There will be 3D-printed seats for your Porsche soon, with fully customised options in the pipeline
Are you seated comfortably? Good, because from just next month, Porsche will be offering up some 3D-printed bucket seats through its Tequipment accessories line in the 911 and 718 Boxster and 718 Cayman model lines.
The structure of the seats themselves are fairly conventional, with a foam base bonded to a middle polyurethane-blend layer using similar materials to what you might find on sports sneakers.
This is then sandwiched between a top upholstery layer made from ‘Racetex’ microfibre textile and what looks to be a Porsche’s fixed-back bucket seat shell made of thermoplastics or carbon fibre, depending on what you choose
The magic here is the composition of the middle polyurethane layer, which is made using 3D-printing technology, with the lattice structure visible through strategically placed cutout windows in the upholstery.
The only catch being that only 40 prototypes will be made and they’re not street legal, and can only be used on race tracks in conjunction with a six-point racing harness. On the bright side, from the middle of next year, the carmaker will be selling road-legal variants of its new bucket seat through Porsche Exclusive Manufaktur, its customisation division.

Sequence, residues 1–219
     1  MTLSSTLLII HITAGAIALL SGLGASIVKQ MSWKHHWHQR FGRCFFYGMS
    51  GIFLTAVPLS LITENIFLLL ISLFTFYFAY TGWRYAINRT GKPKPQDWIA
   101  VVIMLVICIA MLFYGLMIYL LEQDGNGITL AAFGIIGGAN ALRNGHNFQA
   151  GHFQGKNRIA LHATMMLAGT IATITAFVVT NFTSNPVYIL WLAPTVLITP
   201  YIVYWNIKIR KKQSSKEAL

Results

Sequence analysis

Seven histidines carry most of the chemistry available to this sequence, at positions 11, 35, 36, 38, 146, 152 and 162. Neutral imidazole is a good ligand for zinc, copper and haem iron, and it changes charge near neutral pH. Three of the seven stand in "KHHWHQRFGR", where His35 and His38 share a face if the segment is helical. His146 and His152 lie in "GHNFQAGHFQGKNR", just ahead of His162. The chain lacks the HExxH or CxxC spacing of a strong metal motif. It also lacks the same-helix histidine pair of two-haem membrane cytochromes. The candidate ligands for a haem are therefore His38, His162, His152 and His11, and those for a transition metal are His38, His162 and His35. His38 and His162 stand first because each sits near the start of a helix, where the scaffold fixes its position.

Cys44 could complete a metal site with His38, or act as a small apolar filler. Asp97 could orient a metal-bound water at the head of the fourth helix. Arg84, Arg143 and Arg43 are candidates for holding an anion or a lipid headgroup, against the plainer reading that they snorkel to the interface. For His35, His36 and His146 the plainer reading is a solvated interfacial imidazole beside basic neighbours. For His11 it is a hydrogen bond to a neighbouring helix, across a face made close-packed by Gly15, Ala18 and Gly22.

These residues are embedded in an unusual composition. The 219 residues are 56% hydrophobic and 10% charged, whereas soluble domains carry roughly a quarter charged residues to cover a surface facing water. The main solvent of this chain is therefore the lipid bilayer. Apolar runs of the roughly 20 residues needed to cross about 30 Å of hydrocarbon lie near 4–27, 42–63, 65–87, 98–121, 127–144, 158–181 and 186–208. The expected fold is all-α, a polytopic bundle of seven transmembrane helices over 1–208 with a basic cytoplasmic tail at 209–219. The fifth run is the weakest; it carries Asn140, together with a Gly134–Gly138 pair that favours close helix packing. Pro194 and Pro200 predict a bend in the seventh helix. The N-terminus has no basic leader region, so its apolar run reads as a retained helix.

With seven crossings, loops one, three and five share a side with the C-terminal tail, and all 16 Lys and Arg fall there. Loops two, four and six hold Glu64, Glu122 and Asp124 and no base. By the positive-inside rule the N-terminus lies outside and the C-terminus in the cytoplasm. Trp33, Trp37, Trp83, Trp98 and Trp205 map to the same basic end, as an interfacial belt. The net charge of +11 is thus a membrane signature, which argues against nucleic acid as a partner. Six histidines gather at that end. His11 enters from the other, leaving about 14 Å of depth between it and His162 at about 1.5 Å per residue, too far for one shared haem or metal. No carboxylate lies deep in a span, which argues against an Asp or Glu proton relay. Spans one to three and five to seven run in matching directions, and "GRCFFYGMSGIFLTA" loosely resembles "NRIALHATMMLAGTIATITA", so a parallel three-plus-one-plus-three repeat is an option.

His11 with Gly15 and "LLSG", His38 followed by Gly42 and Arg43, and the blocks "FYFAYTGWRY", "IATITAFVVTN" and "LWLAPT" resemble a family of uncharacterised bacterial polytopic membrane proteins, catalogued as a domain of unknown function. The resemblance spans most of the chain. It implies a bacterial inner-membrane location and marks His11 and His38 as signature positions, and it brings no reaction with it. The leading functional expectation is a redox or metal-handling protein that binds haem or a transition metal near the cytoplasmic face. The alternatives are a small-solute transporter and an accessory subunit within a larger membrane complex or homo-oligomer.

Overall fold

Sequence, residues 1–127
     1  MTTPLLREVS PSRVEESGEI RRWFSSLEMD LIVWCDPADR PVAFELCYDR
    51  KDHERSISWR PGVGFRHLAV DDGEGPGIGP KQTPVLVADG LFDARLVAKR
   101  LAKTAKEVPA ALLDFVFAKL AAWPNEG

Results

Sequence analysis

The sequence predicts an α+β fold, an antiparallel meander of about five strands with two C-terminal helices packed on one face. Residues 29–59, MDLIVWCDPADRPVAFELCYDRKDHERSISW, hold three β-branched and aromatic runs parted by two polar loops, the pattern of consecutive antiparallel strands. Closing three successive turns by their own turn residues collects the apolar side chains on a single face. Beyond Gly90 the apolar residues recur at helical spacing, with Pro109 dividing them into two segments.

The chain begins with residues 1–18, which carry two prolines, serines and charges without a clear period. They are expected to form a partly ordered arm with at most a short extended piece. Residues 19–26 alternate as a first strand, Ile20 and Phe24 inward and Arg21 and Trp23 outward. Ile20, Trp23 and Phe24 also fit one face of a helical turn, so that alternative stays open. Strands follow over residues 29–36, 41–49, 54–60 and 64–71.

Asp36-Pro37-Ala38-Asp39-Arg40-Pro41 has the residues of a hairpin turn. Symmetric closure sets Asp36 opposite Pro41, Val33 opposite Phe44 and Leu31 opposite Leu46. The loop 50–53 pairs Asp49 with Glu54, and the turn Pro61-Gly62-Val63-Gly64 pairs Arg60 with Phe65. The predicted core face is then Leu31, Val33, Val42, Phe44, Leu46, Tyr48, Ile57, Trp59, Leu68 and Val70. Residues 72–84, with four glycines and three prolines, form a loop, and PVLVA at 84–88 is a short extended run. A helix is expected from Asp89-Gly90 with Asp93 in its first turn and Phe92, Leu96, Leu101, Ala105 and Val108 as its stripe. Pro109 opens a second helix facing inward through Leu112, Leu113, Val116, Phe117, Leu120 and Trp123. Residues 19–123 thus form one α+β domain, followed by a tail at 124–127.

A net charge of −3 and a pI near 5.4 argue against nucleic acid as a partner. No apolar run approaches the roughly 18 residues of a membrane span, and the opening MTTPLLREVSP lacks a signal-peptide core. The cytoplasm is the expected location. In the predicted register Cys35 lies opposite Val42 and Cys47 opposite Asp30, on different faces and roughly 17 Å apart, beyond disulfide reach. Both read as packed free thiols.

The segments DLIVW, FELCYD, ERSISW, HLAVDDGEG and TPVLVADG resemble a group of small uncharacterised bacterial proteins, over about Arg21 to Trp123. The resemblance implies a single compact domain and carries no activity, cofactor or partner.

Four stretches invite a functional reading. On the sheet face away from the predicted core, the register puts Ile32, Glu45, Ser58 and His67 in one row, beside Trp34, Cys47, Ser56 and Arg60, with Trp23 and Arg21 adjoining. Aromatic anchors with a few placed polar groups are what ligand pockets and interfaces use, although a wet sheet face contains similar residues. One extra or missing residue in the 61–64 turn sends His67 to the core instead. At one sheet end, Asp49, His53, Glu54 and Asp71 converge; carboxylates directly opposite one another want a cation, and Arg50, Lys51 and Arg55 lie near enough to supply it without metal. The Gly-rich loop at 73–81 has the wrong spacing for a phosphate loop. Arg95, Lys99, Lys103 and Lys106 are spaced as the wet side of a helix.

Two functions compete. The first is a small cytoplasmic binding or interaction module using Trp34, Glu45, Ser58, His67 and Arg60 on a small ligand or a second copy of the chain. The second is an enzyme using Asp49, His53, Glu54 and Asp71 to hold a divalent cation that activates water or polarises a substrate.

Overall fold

These seats will be offered in three different firmness levels (soft, medium and hard… duh) and colours. While it didn’t specify how many colours would initially be available, it did say that if there was sufficient customer demand, it would produce said seats in “an extended range of colours”.
Porsche also did say that in addition to that, it might also produce the 3D-printed seats fully customised for “the individual customer’s specific body contour”. It didn’t exactly say how it was going to do this, but ostensibly done via a 3D scan of their bodies.
Our guess is it still won’t exactly come cheaply (it’s Porsche, after all), but it’s likely to be significantly less costly than a conventional customised seat. The small degree of mass-production and the lower associated costs of 3D-printing an object will yield some economies of scale, versus the one-off seating options made for professional racers.